The average annual salary for electrical and electronics Engineering Technicians range between $43,650 and $45,150. The lowest 10 percent earn less than $27,660, and the highest 10 percent earn more than $66,170. The average annual salary for industrial Engineering Technicians ranges from $41,860 to $45,090. The average annual salary for mechanical Engineering Technicians is $41,890; the lowest paid 10 percent earned less than $27,440 and the highest paid 10 percent earned more than $61,640.
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Opportunities will be best for students with an associate degree or extensive job training in engineering technology. As automotive technology becomes more sophisticated, employers continue to look for technicians who are skilled in new technology and require a minimum of additional job training. Overall employment of Engineering Technicians is expected to increase about as fast as the average for all occupations through 2012. As automotive production continues to grow, competitive pressures will force companies to improve and update manufacturing facilities and product designs more rapidly than in the past. However, the growing availability and use of advanced technologies, such as computer-aided design and drafting and computer simulation, will continue to increase productivity and limit job growth. In addition to growth, many job openings will stem from the need to replace technicians who retire or leave the labor force. Like engineers, employment of Engineering Technicians is influenced by local and national economic conditions. Increasing demand for more sophisticated electrical and electronic products will contribute to average growth in the job situation for electrical and electronics Engineering Technicians.
Engineering Technicians usually begin by performing routine duties under the close supervision of an experienced technician, technologist, engineer, or scientist. As they gain experience, they are given more difficult assignments with only general supervision. Some Engineering Technicians eventually become supervisors.
Education and Training
Opportunities will be best for individuals with an associate degree or extensive job training in engineering technology. Because the type and quality of training programs vary considerably, prospective students should carefully investigate training programs before enrolling.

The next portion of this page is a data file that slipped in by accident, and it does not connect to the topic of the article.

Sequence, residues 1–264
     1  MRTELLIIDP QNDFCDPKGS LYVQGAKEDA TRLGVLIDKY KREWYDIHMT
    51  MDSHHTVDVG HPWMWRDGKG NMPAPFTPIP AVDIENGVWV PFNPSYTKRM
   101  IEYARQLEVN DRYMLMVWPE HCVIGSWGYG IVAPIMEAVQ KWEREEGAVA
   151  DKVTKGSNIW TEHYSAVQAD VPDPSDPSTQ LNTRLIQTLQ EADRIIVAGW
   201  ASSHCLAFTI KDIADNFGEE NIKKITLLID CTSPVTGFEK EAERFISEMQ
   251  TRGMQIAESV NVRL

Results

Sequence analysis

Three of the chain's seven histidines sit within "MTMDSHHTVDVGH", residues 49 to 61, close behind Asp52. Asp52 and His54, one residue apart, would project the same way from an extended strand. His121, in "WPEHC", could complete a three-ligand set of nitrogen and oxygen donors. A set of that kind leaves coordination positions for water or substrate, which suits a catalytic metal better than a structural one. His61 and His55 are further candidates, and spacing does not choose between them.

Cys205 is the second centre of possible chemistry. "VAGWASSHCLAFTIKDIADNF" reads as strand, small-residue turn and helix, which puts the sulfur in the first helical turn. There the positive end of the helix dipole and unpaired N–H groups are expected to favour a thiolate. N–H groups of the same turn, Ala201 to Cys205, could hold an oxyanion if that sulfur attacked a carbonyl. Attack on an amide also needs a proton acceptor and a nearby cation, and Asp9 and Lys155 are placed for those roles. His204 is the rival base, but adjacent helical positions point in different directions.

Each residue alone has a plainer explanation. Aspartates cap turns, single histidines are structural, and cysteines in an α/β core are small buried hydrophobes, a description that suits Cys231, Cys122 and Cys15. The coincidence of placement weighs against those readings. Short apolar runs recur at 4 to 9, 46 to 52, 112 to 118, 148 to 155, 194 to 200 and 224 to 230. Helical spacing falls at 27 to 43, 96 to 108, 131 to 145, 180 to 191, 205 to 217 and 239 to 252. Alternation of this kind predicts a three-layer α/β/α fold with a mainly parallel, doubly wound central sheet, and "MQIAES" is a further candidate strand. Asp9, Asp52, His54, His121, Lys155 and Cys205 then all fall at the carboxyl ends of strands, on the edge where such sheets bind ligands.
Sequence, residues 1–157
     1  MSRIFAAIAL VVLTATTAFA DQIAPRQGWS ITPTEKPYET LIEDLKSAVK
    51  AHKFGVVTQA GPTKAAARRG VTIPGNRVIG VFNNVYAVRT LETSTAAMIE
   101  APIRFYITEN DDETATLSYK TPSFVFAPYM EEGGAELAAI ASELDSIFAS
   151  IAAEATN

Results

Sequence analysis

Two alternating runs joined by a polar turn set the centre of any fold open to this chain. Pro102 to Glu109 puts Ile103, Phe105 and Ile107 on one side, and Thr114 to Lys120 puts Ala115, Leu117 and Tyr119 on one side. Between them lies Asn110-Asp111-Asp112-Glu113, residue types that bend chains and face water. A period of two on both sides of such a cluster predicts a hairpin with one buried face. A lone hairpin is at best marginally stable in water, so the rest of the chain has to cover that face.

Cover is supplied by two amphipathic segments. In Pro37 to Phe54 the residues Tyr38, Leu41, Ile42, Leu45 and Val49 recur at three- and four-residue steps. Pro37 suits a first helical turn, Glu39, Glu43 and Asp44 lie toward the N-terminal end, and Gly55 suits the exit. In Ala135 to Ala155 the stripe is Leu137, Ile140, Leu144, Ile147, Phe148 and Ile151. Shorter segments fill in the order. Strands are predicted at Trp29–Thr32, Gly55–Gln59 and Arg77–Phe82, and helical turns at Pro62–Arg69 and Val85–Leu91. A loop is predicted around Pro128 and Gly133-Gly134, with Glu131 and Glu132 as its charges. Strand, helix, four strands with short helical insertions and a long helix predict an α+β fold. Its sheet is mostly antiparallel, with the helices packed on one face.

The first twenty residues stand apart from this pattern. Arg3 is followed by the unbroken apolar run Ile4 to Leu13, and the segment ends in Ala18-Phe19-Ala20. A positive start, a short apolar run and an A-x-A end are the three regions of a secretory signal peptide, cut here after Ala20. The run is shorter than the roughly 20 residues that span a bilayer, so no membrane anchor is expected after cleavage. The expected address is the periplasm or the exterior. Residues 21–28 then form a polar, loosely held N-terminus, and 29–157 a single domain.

Although it may be possible to qualify for a few Engineering Technician jobs without formal training, most automotive employers prefer to hire someone with at least a two-year associate degree in engineering technology. Training is available at technical institutes, community colleges, extension divisions of colleges and universities, public and private vocational-technical schools, and the Armed Forces. People with college courses in science, engineering, and mathematics may qualify for some positions, but they may need additional specialized training and experience.
Prospective engineering technicians should take as many high school science and math courses as possible to prepare for postsecondary programs in engineering technology. Most two-year associate degree programs accredited by the Technology Accreditation Commission of the Accreditation Board for Engineering and Technology (TAC/ABET) have minimum requirements of college algebra and trigonometry, and one or two basic science courses. Depending on the specialty, more math or science may be required.
The type of technical courses required also depends on the specialty. For example, prospective mechanical Engineering Technicians may take courses in fluid mechanics, thermodynamics, and mechanical design, while future electrical Engineering Technicians may take more classes in electric circuits, microprocessors, and digital electronics. Although many publicly and privately operated schools provide technical training, the type and quality of programs vary considerably. Prospective students should be careful in selecting a program. Students should ask prospective employers about their preferences, and ask schools to provide information about the kinds of jobs obtained by graduates, the facilities and equipment, and faculty qualifications.